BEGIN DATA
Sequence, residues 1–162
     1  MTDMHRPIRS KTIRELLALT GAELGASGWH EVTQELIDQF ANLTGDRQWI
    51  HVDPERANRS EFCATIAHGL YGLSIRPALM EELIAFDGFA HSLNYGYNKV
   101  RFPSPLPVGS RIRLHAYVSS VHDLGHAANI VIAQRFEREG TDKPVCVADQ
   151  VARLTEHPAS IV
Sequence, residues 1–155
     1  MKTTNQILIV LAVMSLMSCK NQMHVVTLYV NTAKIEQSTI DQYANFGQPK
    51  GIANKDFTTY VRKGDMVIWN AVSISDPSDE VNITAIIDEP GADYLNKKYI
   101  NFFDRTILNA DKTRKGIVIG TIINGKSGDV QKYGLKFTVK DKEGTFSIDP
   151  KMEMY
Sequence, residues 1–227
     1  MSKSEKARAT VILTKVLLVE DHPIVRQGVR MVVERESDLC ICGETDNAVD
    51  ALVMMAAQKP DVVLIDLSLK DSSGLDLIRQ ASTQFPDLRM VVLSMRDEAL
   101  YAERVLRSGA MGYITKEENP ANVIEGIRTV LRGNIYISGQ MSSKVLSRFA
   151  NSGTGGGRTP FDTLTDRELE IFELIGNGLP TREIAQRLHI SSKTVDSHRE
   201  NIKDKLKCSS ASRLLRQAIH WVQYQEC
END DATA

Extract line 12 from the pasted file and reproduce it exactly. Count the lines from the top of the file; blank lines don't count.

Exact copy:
     1  MSKSEKARAT VILTKVLLVE DHPIVRQGVR MVVERESDLC ICGETDNAVD